College grads entering the job market in 2018 are facing a good news-bad news situation.
The good news: "Things are certainly a lot better than they were for their older brothers and sisters who graduated" in the wake of the Great Recession, said Elise Gould, senior economist at the Economic Policy Institute, a left-leaning think tank.
But the economy isn't back to where it was in 2000 -- when wages were enjoying strong growth -- or even to 2007, before the recession hit, she noted.
Wages for some recent college grads, especially black graduates and women, haven't kept up with those of their white male classmates, according to a new report from the EPI. And more than one in 10 college grads are "underemployed," or working in jobs that don't use their skills. Instead of getting work in an accounting firm with that finance degree, they may be slinging lattes at the local Starbucks.
"There's an increase in the number of young college grads who are taking jobs that don't require a college degree, so it's taking them longer to get them really started on their career track," Gould said. Underemployment "has improved, but it's still higher than before the recession."
It may be elevated also because employers can still be choosy about who they hire. Jobs that would have been filled by high school graduates before the recession may now be filled by college grads, she said.
But what about the complaint from some firms that they can't find skilled workers? Gould said the data doesn't suggest that's actually true.
"People say we have a skills shortage in construction, but there are 2.5 unemployed workers for every construction job," she said. Companies may not be using all the tools at their disposal to find workers to fill their empty positions, such as offering higher wages or providing on-the-job training to provide new skills to the workers available to them.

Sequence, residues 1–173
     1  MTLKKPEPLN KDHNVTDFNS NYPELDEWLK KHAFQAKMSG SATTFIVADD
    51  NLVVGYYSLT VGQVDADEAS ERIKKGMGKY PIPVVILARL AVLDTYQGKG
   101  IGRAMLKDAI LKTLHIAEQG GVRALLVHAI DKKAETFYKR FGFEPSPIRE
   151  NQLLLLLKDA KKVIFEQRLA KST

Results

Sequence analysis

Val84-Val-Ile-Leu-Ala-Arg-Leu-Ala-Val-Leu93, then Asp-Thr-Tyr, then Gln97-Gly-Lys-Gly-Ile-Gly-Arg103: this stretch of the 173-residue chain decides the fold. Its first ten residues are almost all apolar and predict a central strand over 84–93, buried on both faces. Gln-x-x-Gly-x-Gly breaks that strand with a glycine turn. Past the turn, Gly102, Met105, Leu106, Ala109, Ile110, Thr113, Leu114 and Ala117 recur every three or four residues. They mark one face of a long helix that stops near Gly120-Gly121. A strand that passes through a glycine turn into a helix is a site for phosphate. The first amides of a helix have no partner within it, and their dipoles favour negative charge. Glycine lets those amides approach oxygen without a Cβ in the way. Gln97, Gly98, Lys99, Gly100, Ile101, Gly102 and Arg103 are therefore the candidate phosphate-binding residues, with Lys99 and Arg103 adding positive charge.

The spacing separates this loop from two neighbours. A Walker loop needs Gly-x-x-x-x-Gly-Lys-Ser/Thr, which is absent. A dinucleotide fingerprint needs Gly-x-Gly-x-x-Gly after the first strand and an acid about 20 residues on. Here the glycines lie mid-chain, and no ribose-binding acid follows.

The high level of underemployment and lagging wages among some recent college grads signal that the economy still hasn't reached full employment, she said. If it had, wages would be growing for black and women workers, for instance.
Women are graduating from college at higher rates than men. Today, almost six out of 10 recent grads are women, the EPI said. It's also more likely that young women hold an advanced degree than men.
Young women with college degrees are also more likely to be employed than their male classmates. The unemployment rate for women between 21 to 24 years old is 4.7 percent, compared with 6.4 percent for young male college grads.
But wages for young women have barely budged since 2000, while wages for young male grads have increased 5 percent in the same time.
"Young women have surpassed young men in the last 20 years in educational attainment," Gould said. "You might think they're trying to insulate themselves from the wage gaps, but they still face this sizable wage gap when they graduate."
Both young men and women with college degrees would have the same amount of work experience -- or lack of it -- which makes the wage gap "even more disquieting," according to the EPI report.
Black college grads haven't caught up with their white counterparts, the EPI found. "It's horrible," Gould said. "The earnings for black and white college grads was indistinguishable in the '90s and early 2000s. What you see is the Great Recession hits, and black wages just plummet."
She added: "They haven't really come back to what white wages were at all."
In 2000, white and black graduates earned the same wage when leaving college. But in 2018, black grads now earn 17 percent less than white grads.
That's another sign Gould sees as signaling that the economy hasn't reached full employment. "You have these large pools of workers," she said, "and employers can use discrimination."